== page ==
I won one of the annual competitions at Nottingham Writers' Club, the Rosemary Robb trophy for a ghost story titled, 'The Wishful Spirit'.
|Winning the Rosemary|
Robb Ghost Story
Writers are told to persevere and never throw anything away. Well the story that won this competition proves that statement...
In 2008 it was the first year the ghost story trophy competition ran; it was for a 1,000 word story (that year). I'd never written a ghost story before, but I tried anyway, and received some useful comments from the judge- the writer whom the trophy was named after, and who died a few years later.
The story was filed away and over the years I'd revised it and then put it away again. You see my ghost wasn't the scary type and most markets wanted the creepy sort...
In 2013 I rewrote it and entered it into a national competition, but didn't get anywhere again. Honestly I think it was really just the wrong competition for it.
So back in the box it went until late 2015 when I began to rewrite it yet again making some major changes and eventually submitting it to Woman's Weekly, as they mentioned in their guidelines at that time, 'quirky', and my ghost certainly fitted that description.
Sadly it was rejected.
Meanwhile, as Prose Secretary for the writers' club, I'd asked writer Wendy Clark to judge this year's Rosemary Robb Competition this autumn ( after reading her blog post about writing ghost stories) and she agreed.
Having received the story back from the magazine I decided I'd enter it into our club competition to get some feedback, and hopefully find out what wasn't working.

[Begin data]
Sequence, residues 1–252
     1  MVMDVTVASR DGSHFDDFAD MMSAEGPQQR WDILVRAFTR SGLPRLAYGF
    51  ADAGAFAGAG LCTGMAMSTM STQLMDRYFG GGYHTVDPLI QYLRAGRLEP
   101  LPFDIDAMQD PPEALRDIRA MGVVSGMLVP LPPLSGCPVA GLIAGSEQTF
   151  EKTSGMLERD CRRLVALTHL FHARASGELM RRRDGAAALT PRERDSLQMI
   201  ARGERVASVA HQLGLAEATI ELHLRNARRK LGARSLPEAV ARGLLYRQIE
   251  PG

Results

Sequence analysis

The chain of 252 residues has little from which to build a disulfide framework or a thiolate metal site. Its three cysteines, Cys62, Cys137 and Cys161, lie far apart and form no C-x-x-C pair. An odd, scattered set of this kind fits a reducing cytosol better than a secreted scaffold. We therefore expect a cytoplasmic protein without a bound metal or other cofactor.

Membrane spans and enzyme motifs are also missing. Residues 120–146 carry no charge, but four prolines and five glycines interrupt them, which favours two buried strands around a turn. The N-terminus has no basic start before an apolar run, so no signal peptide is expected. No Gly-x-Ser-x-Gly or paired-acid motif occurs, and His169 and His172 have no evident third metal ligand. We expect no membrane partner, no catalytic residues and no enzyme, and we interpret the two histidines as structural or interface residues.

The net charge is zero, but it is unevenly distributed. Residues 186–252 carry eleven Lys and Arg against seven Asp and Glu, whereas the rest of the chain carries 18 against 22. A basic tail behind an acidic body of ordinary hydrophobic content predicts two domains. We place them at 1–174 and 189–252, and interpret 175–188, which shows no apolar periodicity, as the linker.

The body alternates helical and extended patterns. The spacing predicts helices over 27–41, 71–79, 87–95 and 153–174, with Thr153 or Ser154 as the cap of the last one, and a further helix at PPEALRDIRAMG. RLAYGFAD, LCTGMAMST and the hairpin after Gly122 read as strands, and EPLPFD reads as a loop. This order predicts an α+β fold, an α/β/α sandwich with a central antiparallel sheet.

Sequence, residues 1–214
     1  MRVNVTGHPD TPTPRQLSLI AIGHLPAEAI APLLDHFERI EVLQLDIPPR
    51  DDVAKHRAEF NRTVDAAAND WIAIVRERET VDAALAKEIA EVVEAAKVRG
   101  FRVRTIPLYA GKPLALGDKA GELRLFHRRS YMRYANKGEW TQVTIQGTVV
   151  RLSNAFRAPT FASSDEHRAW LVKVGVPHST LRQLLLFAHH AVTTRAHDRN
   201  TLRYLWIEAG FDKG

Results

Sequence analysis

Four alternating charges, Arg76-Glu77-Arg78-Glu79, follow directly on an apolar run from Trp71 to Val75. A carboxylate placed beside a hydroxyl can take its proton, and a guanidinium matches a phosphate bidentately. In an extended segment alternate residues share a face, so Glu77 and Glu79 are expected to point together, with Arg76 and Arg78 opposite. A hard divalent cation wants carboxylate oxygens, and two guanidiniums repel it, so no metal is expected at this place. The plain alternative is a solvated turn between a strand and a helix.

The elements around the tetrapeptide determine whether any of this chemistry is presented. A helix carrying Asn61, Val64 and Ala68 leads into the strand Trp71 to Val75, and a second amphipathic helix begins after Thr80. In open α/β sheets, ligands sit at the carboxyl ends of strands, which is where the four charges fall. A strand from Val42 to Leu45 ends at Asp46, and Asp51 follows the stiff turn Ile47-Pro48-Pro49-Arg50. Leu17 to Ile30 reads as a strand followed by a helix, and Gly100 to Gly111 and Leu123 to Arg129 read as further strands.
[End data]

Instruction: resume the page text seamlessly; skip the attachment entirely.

I'd already decided a couple of things needed a slight adjustment, and one bit removed. As the maximum word count was 2,000 words I needed to lose about 500 words while still making the changes I needed. After a number of intense revisions I reached the maximum word count and entered it into the club competition.
As writers can have lots of contacts both online and off, the club has always asked members to use a pseudonym on their entry's cover sheet.
We know our judges would never be influenced by already knowing an entrant, and as Prose Secretary I'm careful not to inadvertently write or say something that one of our judges might see- if I know them, and I intend entering.
So I was absolutely amazed when the results were returned. I'd won! I actually read the email twice to ensure I hadn't misread it.
One of the comments in the judge's feedback that made me smile was, "I found myself chuckling at the phantom, Bold Jack's, asides and imagined him dressed in full 'Captain Jack Sparrow' pirate regalia!"
That wasn't too far off my mental image of 'Bold Jack' too, although older than the movie pirate... :D
So there we are full circle; the story first written for this trophy competition in 2008, finally won it in 2016. Even though it had rejections and all those revisions, the core of the story never changed.
Have you ever had any stories which took a long time to succeed?